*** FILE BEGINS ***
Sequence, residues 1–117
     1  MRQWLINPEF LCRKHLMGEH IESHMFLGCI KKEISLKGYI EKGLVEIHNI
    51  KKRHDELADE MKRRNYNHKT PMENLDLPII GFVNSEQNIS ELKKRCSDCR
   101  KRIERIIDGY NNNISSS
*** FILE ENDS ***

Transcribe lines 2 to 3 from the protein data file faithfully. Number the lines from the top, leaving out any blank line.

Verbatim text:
     1  MRQWLINPEF LCRKHLMGEH IESHMFLGCI KKEISLKGYI EKGLVEIHNI
    51  KKRHDELADE MKRRNYNHKT PMENLDLPII GFVNSEQNIS ELKKRCSDCR